By Freddie Moore

You might imagine famous author friendships to have the stability of a mean girl clique: competitive, catty, two-faced. Take Jonathan Franzen and David Foster Wallace, for example: After Wallace committed suicide, Franzen wrote and spoke about it publicly as something  “calculated to inflict maximum pain on those he loved most” and even called the late author out for embellishing his non-fiction work.

But the fact of the matter is that writers often need other writers. They need people to serve as a second pair of eyes on their work, people who can understand the woes of writer’s block, people who can eventually chase them down and demand that they get something done. They also need friends who can nerd out just as hard on the latest bestsellers and the classics, someone who can spend hours discussing what makes a good story click and shout “Look at these goosebumps!” after discussing it.

So here is an ode to all those great friendships between writers, illustrated in photographs and a few great quotes:

Allen Ginsberg and Frank O’Hara

“I don’t think you’re going to find this very healthy and clear, but I really would like to stop working forever — never work again, never do anything like the kind of work I’m doing now — and do nothing but write poetry and have leisure to spend the day outdoors and go to museums and see friends.” — Allen Ginsberg

“I am the least difficult of men. All I want is boundless love.” — Frank O’Hara, Meditations in an Emergency

Alice Munro and Margaret Atwood

“Moments of kindness and reconciliation are worth having, even if the parting has to come sooner or later.” — Alice Munro, The Progress of Love

“This is what I miss, Cordelia: not something that’s gone, but something that will never happen. Two old women giggling over their tea.” ― Margaret Atwood, Cat's Eye

Ernest Hemingway and F. Scott Fitzgerald

“The best way to find out if you can trust somebody is to trust them.” — Ernest Hemingway

New friends ... can often have a better time together than old friends.” — F. Scott Fitzgerald, Tender is the Night

Giles Lytton Strachey and Virginia Woolf

“Human beings are too important to be treated as mere symptoms of the past. They have a value which is independent of any temporal process─which is eternal, and must be felt for its own sake.” — Lytton Strachey, Eminent Victorians

“Some people go to priests; others to poetry; I to my friends ….” — Virginia Woolf, The Waves

Jennifer Egan and Emma Straub 

“You can do it alone. But it's going to be so much harder.” — Jennifer Egan, A Visit from the Goon Squad

“If I'd had a friend next to me, I would have squeezed her arm and said, Can you believe this? —  but kitsch wasn't kitsch if you were alone.” — Emma Straub, Other People We Married

Henry James and Edith Wharton

“Our relation, all round, exists—it's a reality, and a very good one; we're mixed up, so to speak, and it's too late to change it. We must live in it and with it.” — Henry James, The Golden Bowl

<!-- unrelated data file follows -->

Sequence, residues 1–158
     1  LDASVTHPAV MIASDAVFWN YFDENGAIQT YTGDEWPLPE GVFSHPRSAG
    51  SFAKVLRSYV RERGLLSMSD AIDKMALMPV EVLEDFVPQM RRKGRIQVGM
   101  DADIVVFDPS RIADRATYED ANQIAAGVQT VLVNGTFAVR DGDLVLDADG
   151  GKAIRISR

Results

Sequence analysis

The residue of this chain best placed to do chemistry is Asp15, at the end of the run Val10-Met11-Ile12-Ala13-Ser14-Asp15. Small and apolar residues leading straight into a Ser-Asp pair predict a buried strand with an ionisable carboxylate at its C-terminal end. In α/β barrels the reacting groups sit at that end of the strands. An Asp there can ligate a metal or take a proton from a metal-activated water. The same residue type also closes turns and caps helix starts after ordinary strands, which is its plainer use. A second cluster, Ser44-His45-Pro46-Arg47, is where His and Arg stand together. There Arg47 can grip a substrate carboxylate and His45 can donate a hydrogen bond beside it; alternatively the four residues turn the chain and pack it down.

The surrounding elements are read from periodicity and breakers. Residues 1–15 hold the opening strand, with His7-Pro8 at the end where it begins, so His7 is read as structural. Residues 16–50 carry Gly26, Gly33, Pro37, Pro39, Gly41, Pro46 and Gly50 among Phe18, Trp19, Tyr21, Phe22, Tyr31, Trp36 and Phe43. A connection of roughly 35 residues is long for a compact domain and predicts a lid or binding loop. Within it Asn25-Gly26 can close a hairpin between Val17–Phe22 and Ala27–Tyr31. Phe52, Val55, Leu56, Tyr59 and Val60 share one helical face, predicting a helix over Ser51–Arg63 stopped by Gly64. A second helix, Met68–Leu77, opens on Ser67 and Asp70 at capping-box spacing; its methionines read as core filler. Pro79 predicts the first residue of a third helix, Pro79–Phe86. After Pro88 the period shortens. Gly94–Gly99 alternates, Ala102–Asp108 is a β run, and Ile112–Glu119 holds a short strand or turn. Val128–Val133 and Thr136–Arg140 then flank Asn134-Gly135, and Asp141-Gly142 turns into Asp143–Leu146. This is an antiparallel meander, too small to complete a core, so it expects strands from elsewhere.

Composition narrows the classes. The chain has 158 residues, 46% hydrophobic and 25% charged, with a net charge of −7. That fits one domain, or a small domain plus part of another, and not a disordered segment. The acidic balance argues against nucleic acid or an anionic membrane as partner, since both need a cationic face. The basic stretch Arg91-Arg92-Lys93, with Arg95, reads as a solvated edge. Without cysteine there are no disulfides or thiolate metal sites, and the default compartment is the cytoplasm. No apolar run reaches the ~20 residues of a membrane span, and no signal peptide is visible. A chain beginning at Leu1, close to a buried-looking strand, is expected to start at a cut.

“I suppose there is one friend in the life of each of us who seems not a separate person, however dear and beloved, but an expansion, an interpretation, of one's self, the very meaning of one's soul.” — Edith Wharton, A Backward Glance

Christopher Hitchens, Martin Amis, James Fenton, Ian McEwan and Salman Rushdie

“One melancholy lesson of advancing years is the realization that you can’t make old friends.” — Christopher Hitchens, Harper’s Magazine

“It seems to me that you need a lot of courage, or a lot of something, to enter into others, into other people. We all think that everyone else lives in fortresses, in fastnesses: behind moats, behind sheer walls studded with spikes and broken glass. But in fact we inhabit much punier structures. We are, as it turns out, all jerry-built. Or not even. You can just stick your head under the flap of the tent and crawl right in. If you get the okay. ” — Martin Amis, Time’s Arrow

“Stay near to me and I’ll stay near to you – / As near as you are dear to me will do,”  — James Fenton, “Hinterhof”

“I was an intimate sort of child who never spoke up in groups. I preferred close friends." — Ian McEwan, The Paris Review

“I've never had very high regard for therapists. I owe my health, my mental survival, to my friends and loved ones.” — Salman Rushdie, Salon

Helen Keller and Mark Twain

“Walking with a friend in the dark is better than walking alone in the light.” — Helen Keller

“The holy passion of Friendship is of so sweet and steady and loyal and enduring a nature that it will last through a whole lifetime, if not asked to lend money.” — Mark Twain, Pudd'nhead Wilson

Joyce Carol Oates and Jonathan Safran Foer

“All that matters in life is forging deep ties of love and family and friends. Writing and reading come later.” — Joyce Carol Oates, Salon

“I like to see people reunited, maybe that's a silly thing, but what can I say, I like to see people run to each other, I like the kissing and the crying, I like the impatience, the stories that the mouth can't tell fast enough, the ears that aren't big enough, the eyes that can't take in all of the change, I like the hugging, the bringing together, the end of missing someone.” — Jonathan Safran Foer, Extremely Loud and Incredibly Close

What are a few of the great author friendships that stand out to you? Share them with us in the comments below!

Freddie Moore is a Brooklyn-based writer. Her full name is Winifred, and her writing has appeared in The Paris Review Daily and The Huffington Post. As a former cheesemonger, she’s a big-time foodie who knows her cheese. Follow her on Twitter: @moorefreddie

(Image credits, from top: from Book Riot; from This Recording; from Margaret Atwood’s Twitter; from Ernest Hemingway — Going The Other Way From Home; from Effra Road; from Emma Straub’s Tumblr; from The Mount; from Awesome People Hanging Out Together; from Flickr user editrrix)

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